Urban agriculture is being technologically liberated from an utopian vision, opening the horizons of contemporary design research at an accelerated pace. The creation of micro-farms is one of the most fascinating themes that was once visible, unfortunately, only virtually in exquisite video-graphic simulations — from demographics to Facebook farms. Today, however, technological opportunities are rendering their implementation and standardization concrete. The micro-farm on display at ENSCI, one of the most prestigious design schools in Paris, is the third and first truly working farm.
Built in collaboration with the masters program in creation and technology at ENSCI in Paris by pioneer of urban agriculture Damien Chivialle, the micro-farm takes on a radical stance, since it is accompanied by a comprehensive package of initiatives concerning the ecological use of resources in the region of Paris. Not only are we theoretically able to redesign part of the use of metropolitan space, opening urbanization to the cultivation of food resources, but we can even provide the necessary energy to carry out projects within the growth cycle.
The feasibility of these ideas is demonstrated in an accessible greenhouse/container created by Chivialle. Thanks to a closed symbiotic aquaculture circuit that mixes animal (fish) and plant (plants and vegetables) elements, it can transform the waste elements produced by this closed-circuit system into fertilizer. In this exhibition, the construction is reminiscent of the urban gardens at the dawn of industrial civilization, but it can obtain good results within a much more limited area. Since 2010, two existing farms, in Zurich and Berlin, have already created opportunities to revitalize the fabric of existing communities in terms of recycling and production.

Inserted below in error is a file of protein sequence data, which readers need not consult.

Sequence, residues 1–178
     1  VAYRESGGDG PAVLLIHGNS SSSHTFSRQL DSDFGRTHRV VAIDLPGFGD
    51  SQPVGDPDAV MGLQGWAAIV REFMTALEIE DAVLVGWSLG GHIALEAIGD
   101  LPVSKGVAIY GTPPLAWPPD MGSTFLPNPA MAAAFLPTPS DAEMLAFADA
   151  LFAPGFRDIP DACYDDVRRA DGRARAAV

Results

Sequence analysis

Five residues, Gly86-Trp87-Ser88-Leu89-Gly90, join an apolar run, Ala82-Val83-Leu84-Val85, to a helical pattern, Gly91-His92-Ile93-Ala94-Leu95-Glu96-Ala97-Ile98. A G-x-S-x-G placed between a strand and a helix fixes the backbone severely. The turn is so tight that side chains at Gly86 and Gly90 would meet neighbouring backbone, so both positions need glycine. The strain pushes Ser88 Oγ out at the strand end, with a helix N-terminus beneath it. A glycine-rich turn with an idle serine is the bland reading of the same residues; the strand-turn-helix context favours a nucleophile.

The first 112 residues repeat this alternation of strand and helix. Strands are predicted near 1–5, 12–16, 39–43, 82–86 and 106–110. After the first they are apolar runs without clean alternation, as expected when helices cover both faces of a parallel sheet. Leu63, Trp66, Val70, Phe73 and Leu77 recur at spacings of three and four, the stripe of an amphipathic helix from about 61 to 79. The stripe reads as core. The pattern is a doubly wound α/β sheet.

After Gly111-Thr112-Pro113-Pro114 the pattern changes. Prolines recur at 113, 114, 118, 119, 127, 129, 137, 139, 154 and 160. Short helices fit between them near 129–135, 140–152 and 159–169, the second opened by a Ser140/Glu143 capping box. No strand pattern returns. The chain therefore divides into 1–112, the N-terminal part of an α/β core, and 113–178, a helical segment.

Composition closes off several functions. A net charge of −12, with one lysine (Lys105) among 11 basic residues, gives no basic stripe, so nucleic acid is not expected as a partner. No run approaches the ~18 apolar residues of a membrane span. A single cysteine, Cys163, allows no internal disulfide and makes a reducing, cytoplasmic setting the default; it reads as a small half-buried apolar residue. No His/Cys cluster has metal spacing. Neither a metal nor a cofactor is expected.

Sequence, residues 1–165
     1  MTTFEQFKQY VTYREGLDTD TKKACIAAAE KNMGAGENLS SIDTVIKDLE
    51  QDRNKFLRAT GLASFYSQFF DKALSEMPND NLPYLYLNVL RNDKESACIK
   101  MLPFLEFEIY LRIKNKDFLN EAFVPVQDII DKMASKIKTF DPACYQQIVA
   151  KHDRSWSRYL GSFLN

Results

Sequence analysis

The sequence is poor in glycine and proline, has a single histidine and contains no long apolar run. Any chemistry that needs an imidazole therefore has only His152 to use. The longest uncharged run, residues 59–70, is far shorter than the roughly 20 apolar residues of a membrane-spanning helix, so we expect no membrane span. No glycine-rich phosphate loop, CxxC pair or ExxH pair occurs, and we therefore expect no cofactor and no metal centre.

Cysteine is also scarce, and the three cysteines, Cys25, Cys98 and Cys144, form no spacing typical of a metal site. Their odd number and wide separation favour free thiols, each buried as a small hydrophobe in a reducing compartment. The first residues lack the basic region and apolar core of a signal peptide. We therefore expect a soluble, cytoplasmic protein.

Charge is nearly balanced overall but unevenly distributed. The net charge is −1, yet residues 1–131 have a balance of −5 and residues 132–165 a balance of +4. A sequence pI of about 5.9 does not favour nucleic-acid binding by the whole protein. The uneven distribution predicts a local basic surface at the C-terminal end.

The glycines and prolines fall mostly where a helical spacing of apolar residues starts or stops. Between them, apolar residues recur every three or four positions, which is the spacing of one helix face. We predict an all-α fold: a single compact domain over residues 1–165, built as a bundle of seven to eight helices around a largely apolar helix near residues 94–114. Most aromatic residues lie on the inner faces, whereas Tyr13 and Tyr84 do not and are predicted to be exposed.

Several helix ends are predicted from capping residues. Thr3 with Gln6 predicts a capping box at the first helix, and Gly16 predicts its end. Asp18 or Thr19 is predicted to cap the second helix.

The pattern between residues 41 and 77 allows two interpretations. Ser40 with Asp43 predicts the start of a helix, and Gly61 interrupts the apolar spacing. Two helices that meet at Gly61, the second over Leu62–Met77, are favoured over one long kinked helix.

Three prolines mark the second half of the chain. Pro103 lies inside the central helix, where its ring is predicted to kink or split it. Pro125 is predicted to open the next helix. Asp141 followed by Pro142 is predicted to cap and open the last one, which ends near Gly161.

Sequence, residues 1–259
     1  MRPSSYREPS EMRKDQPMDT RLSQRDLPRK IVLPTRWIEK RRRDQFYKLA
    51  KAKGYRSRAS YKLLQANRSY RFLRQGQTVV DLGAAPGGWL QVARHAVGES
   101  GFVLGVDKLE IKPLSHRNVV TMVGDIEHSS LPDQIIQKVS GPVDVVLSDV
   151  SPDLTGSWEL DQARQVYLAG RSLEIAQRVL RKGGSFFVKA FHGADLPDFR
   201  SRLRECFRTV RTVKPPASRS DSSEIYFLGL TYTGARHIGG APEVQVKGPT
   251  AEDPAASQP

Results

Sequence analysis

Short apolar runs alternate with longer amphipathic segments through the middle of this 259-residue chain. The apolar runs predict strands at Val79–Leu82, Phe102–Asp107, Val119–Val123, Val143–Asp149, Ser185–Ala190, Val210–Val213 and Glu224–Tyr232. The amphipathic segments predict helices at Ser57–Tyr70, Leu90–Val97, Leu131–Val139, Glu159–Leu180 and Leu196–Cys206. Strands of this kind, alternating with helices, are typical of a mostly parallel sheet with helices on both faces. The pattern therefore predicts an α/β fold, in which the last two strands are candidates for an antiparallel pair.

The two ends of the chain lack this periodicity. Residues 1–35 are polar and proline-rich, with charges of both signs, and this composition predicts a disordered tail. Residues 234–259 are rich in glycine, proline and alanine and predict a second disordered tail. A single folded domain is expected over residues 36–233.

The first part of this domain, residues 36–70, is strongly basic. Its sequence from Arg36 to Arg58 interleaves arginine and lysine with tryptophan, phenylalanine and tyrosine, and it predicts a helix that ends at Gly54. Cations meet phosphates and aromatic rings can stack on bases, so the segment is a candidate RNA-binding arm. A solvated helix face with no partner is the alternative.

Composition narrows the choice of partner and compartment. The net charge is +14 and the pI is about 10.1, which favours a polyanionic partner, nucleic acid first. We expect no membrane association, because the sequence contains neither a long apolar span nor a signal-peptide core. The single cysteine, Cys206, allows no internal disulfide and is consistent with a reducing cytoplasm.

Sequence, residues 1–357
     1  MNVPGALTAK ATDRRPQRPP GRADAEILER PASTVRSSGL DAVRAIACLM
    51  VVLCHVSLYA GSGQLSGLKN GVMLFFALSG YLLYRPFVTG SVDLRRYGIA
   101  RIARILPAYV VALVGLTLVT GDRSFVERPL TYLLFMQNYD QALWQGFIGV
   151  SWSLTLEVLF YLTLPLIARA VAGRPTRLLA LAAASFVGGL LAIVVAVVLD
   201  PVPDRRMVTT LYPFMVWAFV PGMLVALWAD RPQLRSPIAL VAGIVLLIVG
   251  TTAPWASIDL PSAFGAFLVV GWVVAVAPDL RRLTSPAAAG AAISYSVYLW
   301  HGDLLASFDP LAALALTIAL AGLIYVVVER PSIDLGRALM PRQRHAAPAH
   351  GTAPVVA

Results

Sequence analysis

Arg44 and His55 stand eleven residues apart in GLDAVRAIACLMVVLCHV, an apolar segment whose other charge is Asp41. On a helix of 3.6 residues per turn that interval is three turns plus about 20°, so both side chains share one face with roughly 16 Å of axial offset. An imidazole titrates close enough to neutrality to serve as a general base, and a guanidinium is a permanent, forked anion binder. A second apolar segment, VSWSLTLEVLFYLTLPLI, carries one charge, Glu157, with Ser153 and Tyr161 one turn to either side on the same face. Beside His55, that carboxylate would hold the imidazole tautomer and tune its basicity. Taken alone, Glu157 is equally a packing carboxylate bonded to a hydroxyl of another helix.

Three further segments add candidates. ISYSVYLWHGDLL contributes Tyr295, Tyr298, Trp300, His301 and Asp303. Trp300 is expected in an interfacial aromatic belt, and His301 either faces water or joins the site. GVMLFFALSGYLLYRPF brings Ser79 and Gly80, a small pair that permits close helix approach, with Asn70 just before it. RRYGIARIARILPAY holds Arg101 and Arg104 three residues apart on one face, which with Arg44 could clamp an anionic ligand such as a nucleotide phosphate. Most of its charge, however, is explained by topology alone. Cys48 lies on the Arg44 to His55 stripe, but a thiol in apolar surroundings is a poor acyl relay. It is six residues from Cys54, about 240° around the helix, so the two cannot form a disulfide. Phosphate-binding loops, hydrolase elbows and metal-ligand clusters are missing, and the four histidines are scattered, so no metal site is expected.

The educational goal of these structures is extremely important in reminding our consumer society — through the not-only-metaphorical use of symbiotic aquaculture and hydroponics — that nothing is really lost in nature but that waste becomes energy and nourishment. Certainly, the structures are fragile and even totemic when installed inside containers — objects that are ironically symbols of mobility — and built with other industrial elements that are also stereotypes of the "prefab" culture that renegotiates space for nature in the city.
The confines between design and architecture, in the urgency of integrating economic and industrial processes, abandons utopia and materializes in new concerns for sustainable development. The contents of this exhibit reveal a new cycle of work centered upon issues of ecological sustainability that is developing in the globalized world. Topics such as food production in the urban context, the local distribution of food to eliminate CO2 emissions or the production of local energy are just some of the projects produced by ENSCI in partnership with French industry. The entire exhibit is really a focus on these aspects, which hybridize different disciplines. On 26 April, a roundtable offers an opportunity to take stock of these urban agriculture initiatives which are intensifying in cities around the world.
Through 4 May 2012